Name: Amos 3143
Age: approx. 10 years
Color: Black & Tan
Size: Mini – 10 lbs.
Imagine this: You are in a quiet residential area, two young teenage girls are waiting to cross the street on a warm Saturday afternoon in September, when a pick-up truck comes cruising down the street, barely stopping before making a quick right turn at the corner. At that moment, a small plastic dog crate flies off the back of the truck. It bounces and tumbles before coming to rest in the middle of the street. The truck speeds off, totally oblivious of the loss of something from the truck bed. The pick-up truck is out of sight in seconds. Inside the crate, the girls discover a small senior, black and tan, male dachshund. The crate is cracked and broken, but miraculously, the little dachshund inside is unharmed, just a bit shook-up from the incident. Without hesitation, the girls scoop up what’s left of the crate and the dog and announce to on-lookers that it’s OK, they were going to take the dog home and their mom would help him.
They hurry home with the little dachshund, and their mom knows just what to do. She contacts the O.C. Shelter. The attendant tells her that the shelter is really full, and because this little guy is a senior, he would not be adoptable to the public. He takes down her contact information just in case someone comes looking for the dog. He then suggests she contact rescues to see if they can take him. Here’s where we come in. The mom called SCDR and we agreed to meet the next day.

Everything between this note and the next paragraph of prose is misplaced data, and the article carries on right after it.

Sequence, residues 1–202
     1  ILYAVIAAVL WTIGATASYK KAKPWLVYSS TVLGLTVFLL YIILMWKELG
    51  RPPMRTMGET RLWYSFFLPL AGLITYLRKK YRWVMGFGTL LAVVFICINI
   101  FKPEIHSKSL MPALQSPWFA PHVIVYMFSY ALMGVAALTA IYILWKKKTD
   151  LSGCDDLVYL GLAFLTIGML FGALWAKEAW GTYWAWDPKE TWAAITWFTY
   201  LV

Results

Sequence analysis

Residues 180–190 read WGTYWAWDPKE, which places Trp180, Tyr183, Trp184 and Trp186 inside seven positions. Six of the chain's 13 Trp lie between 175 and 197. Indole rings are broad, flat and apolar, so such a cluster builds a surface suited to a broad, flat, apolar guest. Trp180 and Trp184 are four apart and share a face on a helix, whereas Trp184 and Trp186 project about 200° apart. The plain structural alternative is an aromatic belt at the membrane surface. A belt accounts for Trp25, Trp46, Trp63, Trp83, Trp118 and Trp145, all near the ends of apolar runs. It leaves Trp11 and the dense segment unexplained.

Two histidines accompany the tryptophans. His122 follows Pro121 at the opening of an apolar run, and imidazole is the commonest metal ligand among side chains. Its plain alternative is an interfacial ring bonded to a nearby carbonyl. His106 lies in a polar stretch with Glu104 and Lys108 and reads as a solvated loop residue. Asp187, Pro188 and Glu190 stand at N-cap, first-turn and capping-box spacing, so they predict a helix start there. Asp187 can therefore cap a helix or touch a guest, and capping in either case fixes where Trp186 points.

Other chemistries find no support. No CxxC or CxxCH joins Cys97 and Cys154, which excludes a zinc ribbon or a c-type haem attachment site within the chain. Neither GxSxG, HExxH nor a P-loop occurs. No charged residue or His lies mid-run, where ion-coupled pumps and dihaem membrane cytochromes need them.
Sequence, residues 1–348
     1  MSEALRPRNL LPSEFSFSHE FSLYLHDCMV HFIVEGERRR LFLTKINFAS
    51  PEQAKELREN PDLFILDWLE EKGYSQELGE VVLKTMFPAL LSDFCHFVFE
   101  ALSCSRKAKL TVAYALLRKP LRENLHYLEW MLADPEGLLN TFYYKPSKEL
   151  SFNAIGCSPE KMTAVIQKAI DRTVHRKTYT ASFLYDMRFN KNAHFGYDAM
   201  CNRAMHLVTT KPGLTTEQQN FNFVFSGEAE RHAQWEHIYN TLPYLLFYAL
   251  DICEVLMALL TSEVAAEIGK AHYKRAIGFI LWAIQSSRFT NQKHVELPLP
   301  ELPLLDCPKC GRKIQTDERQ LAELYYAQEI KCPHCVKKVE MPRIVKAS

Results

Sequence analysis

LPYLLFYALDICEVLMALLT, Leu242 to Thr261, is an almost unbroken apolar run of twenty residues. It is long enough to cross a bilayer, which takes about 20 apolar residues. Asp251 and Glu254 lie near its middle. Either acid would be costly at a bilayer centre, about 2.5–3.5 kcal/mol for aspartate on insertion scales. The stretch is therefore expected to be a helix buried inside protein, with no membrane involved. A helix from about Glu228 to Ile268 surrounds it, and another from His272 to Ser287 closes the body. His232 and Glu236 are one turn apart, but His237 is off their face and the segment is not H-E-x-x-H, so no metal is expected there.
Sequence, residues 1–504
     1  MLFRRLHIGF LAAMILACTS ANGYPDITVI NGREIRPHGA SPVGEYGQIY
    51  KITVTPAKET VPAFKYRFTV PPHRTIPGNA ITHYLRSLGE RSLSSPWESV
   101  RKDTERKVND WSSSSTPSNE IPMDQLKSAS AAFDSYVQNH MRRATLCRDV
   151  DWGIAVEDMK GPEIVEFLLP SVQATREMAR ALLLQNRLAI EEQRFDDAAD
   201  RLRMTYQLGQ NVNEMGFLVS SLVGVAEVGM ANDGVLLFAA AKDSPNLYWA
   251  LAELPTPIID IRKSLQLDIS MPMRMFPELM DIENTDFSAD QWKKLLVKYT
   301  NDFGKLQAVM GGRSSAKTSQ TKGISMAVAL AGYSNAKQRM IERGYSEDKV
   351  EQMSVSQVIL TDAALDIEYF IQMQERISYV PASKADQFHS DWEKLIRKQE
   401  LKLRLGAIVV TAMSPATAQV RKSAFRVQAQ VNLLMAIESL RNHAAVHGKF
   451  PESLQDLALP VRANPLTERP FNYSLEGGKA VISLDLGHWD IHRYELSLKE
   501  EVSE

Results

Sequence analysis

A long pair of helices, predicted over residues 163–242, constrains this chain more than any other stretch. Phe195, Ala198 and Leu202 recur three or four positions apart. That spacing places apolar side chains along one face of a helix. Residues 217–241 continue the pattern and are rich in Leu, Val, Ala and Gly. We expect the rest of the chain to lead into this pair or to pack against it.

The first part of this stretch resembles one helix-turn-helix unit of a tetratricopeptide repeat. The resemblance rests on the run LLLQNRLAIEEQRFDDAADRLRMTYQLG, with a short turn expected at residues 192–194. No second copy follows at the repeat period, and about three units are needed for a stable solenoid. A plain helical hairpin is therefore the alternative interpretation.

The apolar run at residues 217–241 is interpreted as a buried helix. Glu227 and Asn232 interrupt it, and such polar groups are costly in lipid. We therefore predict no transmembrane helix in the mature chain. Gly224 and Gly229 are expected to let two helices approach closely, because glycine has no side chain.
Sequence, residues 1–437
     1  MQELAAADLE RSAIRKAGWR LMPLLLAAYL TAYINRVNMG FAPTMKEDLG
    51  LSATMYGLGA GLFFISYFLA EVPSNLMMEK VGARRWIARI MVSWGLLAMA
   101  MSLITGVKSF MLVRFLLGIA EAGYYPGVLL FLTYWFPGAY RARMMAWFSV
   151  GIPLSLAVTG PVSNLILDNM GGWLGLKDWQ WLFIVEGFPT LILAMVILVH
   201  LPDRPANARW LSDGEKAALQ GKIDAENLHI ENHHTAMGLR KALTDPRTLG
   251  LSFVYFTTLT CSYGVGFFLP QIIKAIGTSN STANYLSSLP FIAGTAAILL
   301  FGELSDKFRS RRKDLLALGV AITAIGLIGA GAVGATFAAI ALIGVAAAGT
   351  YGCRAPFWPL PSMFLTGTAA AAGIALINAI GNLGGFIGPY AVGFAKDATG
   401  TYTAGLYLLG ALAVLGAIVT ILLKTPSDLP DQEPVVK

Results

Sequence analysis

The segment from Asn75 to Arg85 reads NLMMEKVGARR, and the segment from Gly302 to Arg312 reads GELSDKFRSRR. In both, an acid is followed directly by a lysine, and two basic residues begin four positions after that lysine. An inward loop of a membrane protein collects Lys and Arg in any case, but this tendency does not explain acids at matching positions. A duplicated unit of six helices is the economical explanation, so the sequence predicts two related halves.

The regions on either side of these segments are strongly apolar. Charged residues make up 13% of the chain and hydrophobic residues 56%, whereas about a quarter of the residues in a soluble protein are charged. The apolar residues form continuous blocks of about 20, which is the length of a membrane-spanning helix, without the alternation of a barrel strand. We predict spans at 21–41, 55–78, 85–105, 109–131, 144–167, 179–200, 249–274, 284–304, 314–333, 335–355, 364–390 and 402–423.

So there he was. A little old boy with no name sitting on our volunteer’s front porch while the family does the paperwork to get him into rescue. He needed a name. So his foster mom named him Amos. It seemed like a good name for a mature dog. Amos seemed to be partially blind, hard of hearing, and in need serious dental work. But he survived a nasty fall from a pick-up truck, so he must have a guardian angel looking out for him.
SCDR checked with the shelter several times to see if anyone reported him missing. Nothing reported in nearly a month. We also checked on Craig’s List for lost dog reports. . . . again, nothing. It boggles the mind how someone can lose a crate with a dog in it and not be calling every shelter or checking the internet for a clue as to where their dog might have ended up. And we thought we’d heard all the weird stories of how doxies ended up in rescue. This is a new one for us. We will add it to the list of bizarre rescue occurrences.